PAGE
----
Printed with permission of Fred LeClair and Emma Routh
Seniors Fred LeClair and Emma Routh’s story began with a series of chance encounters, their first being during their first-year orientation week, outside of Donovan’s Pub.
“She’s across from me and she’s sitting there on her phone, not really engaged, whereas everyone else was like ‘I want to make friends. I want to see what’s going on,’” LeClair reminisced. “And I thought ‘I can’t believe this person right now!’ and automatically I just didn’t like her. And that was the first time I saw her but we hadn’t really ‘met’ at that point … But I knew her name.”
Later in the week, on a trip to a professor’s office hours, the two found each other again in the Persson Hall skybridge, home to their first real conversation, which they both remember fondly. A few more random run-ins in West Hall, where they both lived, prompted the two to constantly be in each other’s company, despite how early it was in their first year.
“We couldn’t really stay away from each other,” LeClair said. “So eventually we [decided], ‘Alright screw this. Let’s just do our thing and see what happens.’”
The two have been together ever since. The height of the COVID-19 pandemic, particularly the spring and summer of 2020 when Colgate students were sent home, fortunately presented no challenge to the two but rather inspired different ways to connect virtually, including a version of Netflix party. With LeClair living in Denver and Routh living in Cleveland, the two were fearful of traveling and only visited each other once briefly, but for them that was enough.
During their junior year, both decided to return to campus, finding a variety of ways to spend more time with each other, including running together during outdoor time, playing pick-up soccer with the friends they’ve had since their first year and taking long walks outdoors. Now, in their senior year, the two are very grateful to have a sense of normalcy.
“Obviously there’s a lot more freedom,” LeClair said. “We have the choice to either go on a run or walk or we can sit in bed and watch TV. We have options.”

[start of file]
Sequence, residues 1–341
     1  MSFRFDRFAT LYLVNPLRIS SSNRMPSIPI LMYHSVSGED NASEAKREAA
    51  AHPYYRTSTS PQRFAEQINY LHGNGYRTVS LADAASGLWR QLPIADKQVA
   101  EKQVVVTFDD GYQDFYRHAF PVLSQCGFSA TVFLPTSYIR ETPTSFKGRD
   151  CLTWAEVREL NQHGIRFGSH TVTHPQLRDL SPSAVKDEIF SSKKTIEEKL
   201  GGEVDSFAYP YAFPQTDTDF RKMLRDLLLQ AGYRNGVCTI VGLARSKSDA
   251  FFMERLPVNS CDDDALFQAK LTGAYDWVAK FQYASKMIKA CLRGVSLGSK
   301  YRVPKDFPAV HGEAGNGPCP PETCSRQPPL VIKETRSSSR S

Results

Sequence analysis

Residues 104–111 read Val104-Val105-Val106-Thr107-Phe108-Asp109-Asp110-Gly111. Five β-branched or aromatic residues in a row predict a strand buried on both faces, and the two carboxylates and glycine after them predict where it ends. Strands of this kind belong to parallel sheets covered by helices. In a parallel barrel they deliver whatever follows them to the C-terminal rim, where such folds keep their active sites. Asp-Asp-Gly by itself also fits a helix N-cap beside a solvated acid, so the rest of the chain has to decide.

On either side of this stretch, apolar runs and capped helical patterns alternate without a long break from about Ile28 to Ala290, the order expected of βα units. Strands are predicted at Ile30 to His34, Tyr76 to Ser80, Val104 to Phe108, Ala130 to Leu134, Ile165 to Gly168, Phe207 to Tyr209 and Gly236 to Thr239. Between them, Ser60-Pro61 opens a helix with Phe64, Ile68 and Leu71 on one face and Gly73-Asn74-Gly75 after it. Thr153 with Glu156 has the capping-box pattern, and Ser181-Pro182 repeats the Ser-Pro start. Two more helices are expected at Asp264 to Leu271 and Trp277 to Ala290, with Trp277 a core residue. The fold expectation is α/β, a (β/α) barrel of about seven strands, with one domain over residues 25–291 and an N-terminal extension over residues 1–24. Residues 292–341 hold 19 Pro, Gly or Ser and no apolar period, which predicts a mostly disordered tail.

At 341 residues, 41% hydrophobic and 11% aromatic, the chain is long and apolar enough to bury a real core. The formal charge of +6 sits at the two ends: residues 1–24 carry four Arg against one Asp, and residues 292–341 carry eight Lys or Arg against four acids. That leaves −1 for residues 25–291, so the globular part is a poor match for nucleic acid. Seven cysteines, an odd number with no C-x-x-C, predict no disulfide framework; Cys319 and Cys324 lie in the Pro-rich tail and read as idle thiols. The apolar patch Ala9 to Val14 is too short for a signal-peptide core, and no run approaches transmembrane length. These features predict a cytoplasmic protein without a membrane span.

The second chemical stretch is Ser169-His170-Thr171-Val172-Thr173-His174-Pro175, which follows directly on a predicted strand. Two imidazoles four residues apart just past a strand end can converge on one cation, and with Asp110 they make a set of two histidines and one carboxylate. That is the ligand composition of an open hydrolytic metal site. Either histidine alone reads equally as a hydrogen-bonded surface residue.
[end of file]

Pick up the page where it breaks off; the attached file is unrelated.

“It’s been nice to explore the surrounding area a lot more because, I’ll admit it, freshman and sophomore year we kind of neglected that a lot,” Routh added. “We were very focused on each other, school or our freshman dorm room pre games. That’s all that was really going on in my head at that time. So exploring Quack’s [Diner], for example, I had never been there and it was so cool to go there.”
For them, being a couple at Colgate can feel strange because of the prevalence of hook-up culture. However, they appreciate Colgate’s small size in navigating social settings together and helping them build trust, given how overwhelming and isolating Colgate can feel at times.
“I take it for granted sometimes to have a rock on campus,” Routh added. “I can be 100% myself and 100% comfortable that he’s not going to judge me for anything I say and I’m not going to judge him. Having someone like that on campus has made my time at Colgate so much more fun. And so much more comfortable and easier to navigate.”
When asked for advice on dating at Colgate, the two agreed it’s different depending on what year you’re in. At first they were worried they were moving too quickly their first year, which often does not work out for a lot of folks, but both realized how fun dating can be in spite of the risk.
“Dating while you’re in college really aids in development in a lot of ways because everyday you’re going through struggles whether it’s with classes or friends,” LeClair remarked. “Learning to communicate with another person through those issues but also through all the good things that happened and being able to celebrate with them, I know it’s helped me grow as a person.”
“If you aren’t sure if you even like someone, don’t prioritize that person,” Routh added. “[But] if you know you like someone, don’t force yourself to not and be honest with yourself. It’s not stupid to like someone or to admit to yourself that you like someone. People, I think, frame love and relationships as something that is kind of irrational … It’s okay to put a little faith in love and in your own emotions … If you’re feeling them, you’re feeling them for a reason.”
The two recalled one of their first dates: stargazing and a late-night picnic on the ski hill in October counting shooting stars until they got too tired. They hope to do that again this year, coming full circle.